She already had collected Mission furniture, so it seemed that finding a simpatico house was the obvious next step when Mara Seibert’s family needed more space. They were feeling cramped in their center-hall Colonial—and the furnishings Mara had purchased since the 1980s felt uncomfortable in that previous home. Mara veered into Arts & Crafts style.
A planned community designed by Stewart Hartshorn in the late 19th century—targeted for residents who shared an appreciation of nature—Short Hills, New Jersey, is built around winding roads and mature trees. Here, Mara found the Albro and Lindeberg house of her dreams, one of five examples of the work of these prominent New York-based architects in the town. The house was built in 1907, when the firm was at its zenith. (That also marks the beginning of the chestnut blight, which might explain the preponderance of chestnut used in the woodwork.) For the façade, stone was quarried from the pond that’s within view.
When Mara and her family moved in, the backyard of the one-and-a-half-acre landscape was divided into three distinct areas—and it felt choppy and uninviting. Mara wanted a more unified, park-like ambiance…and she was ready to translate the Arts & Crafts theme into the great outdoors. At the same time, Mara was starting a business importing Italian terra cotta.
She couldn’t help noticing how perfectly the terra cotta married with the stonework of the house. She already knew Richard Hartlage of Land Morphology when outdoor renovation began eight years ago; the two were on the same page about what needed to be done. They expanded the cramped bluestone patio behind the house, adding a skirt of single-slab stone. That patio formed a showcase for many of Mara’s favorite terra cotta containers, with terra cotta window boxes (part of the first shipment from Impruneta) cradling herbs, and large round containers spilling with specimen tropicals. Together with John Danzer from Munder Skiles, she selected appropriate furniture—supersizing an outdoor sofa that she found in a Bridgehampton antique store and balancing the long space with twin dining tables. She’d previously staged a line of rolled-rim terra cotta pots holding hydrangeas behind the patio; because they are potted in the ultra-durable Impruneta containers, they stay outdoors throughout the year. The hydrangeas, though, were begging for larger containers.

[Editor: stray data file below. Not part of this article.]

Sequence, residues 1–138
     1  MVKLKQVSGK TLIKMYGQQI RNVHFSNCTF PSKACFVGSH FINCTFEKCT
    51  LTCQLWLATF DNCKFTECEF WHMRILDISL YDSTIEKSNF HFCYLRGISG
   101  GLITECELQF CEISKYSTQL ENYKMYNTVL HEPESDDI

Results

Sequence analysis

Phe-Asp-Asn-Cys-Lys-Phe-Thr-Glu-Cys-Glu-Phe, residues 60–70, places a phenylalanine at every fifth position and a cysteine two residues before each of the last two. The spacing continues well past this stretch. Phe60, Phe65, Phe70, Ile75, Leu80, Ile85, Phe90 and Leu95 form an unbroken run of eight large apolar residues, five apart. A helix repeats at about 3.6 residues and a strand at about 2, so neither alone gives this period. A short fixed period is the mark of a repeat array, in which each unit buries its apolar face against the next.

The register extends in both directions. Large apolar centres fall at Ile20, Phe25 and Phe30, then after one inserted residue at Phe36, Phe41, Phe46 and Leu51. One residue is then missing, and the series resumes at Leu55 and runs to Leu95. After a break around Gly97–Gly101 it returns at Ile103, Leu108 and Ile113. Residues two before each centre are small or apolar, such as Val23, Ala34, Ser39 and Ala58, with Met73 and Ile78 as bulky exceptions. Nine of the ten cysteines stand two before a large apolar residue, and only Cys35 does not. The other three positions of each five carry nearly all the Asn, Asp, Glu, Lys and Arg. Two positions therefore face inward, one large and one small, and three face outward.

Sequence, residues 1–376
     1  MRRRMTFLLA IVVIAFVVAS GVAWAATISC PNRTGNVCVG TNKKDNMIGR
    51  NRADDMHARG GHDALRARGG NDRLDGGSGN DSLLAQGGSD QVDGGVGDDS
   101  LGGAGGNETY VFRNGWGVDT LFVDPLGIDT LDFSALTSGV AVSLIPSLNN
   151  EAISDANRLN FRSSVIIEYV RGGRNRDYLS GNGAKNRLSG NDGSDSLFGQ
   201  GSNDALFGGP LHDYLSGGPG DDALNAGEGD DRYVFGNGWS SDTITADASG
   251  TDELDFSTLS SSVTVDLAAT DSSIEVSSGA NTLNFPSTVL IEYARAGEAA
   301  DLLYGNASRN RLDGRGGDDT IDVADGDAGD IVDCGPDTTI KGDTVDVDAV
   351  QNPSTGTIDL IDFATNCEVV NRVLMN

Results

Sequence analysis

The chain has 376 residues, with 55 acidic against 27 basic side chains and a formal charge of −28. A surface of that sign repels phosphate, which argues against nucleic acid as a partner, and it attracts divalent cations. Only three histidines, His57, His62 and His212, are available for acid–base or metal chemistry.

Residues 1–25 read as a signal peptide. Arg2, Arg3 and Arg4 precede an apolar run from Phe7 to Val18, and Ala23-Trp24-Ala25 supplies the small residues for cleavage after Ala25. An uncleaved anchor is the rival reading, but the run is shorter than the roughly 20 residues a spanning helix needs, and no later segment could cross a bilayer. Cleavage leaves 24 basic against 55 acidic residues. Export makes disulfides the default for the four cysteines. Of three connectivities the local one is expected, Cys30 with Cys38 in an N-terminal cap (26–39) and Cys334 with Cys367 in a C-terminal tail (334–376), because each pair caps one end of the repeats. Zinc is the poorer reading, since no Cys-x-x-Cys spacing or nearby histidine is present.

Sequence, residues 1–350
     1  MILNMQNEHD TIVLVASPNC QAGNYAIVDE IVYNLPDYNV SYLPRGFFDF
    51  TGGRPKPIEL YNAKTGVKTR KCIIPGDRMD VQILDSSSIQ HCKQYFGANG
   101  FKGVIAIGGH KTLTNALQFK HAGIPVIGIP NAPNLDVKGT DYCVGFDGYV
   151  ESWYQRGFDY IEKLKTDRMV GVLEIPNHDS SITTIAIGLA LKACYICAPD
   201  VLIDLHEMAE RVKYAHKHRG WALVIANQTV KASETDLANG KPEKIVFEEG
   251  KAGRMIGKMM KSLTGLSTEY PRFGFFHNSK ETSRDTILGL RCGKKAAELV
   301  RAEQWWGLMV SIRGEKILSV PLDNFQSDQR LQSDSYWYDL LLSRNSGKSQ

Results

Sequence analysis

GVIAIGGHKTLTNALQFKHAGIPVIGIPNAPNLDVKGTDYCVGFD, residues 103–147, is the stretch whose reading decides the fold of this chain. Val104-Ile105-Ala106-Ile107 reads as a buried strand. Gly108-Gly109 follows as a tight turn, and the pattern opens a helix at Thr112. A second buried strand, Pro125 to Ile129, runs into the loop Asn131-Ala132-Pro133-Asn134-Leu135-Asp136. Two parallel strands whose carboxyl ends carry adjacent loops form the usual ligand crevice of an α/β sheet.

Recognizing that the landscape cried out for “bold moves that would complement the architecture and not distract from it,” Hartlage worked with the nature-inspired mood of the Arts & Crafts movement. Rather than planting perennial borders featuring fussy individual plants, he employed hundreds (even thousands) of one variety of plant for grand sweeps. Not only is the result refreshingly bold and congruous with Arts & Crafts naturalism, but it also served his ulterior motive. “Large masses are easier to maintain on a large property,” he declares—and low maintenance was a priority. That was his rationale for planting a swath of ornamental grasses, Panicum virgatum ‘Rehbraun’ and Liriope spicata, beside a massive swath of blue-blossomed nepeta (catmint).
Because the pottery was an important element, part of the goal was to create opportunities to use Seibert & Rice containers as focal points. One sterling example is the side garden tucked behind a grove of hemlocks with a serpentine rickrack of boxwood running along pea stone on the way to a secluded dining terrace destination. Along the route, oil jugs form accents, beckoning onward. On either side of the boxwood, a thousand astilbes in three shades of pink burst into flower in waves during summer. By autumn, their flowers have faded, but the flaxen stalks remain. Taking up the rear are mahonia shrubs with shiny, dark green, perennially tidy foliage. Seibert had glass panels cut to fit the top of the terra cotta jugs, which turns them into bistro tables.
The tropical plants Seibert uses in her containers grow lush as the season ripens, reaching a crescendo in fall. Their vibrant colors echo the autumn hues as dogwoods and other trees change color. Mara tosses accent chrysanthemums into containers as exclamation points—
and everyone lingers outdoors.
Garden Evolution, and the birth of Seibert & Rice
In the midst of this project, Mara Seibert left Wall Street to start a business with a friend—and that endeavor had everything to do with her home garden. Seibert & Rice was born when Mara and Lenore Rice rented a vacation house together with their families in Impruneta, Italy, and found that the region was famed for producing “the most beautiful and durable pottery in the world,” Seibert recalls. The local clay has such a high iron content that pottery from the region can be fired for a week at 2,000 degrees F—making it particularly sturdy.
Initially, craftsmen were hesitant to sell to the two eager housewives from New Jersey, but they were persuaded to prepare a shipment. For their part, the two Jersey girls feared that the shipment of their coveted terra cotta might never arrive at its destination. “A month later, a truck pulled up with this wonderful pottery,” Seibert recalls. That nobody else had ventured to import the Impruneta terra cotta was a lure, and the partners began designing as well as importing containers. What began with the basic desire to make a beautiful place more enchanting has now expanded into a company with a national presence.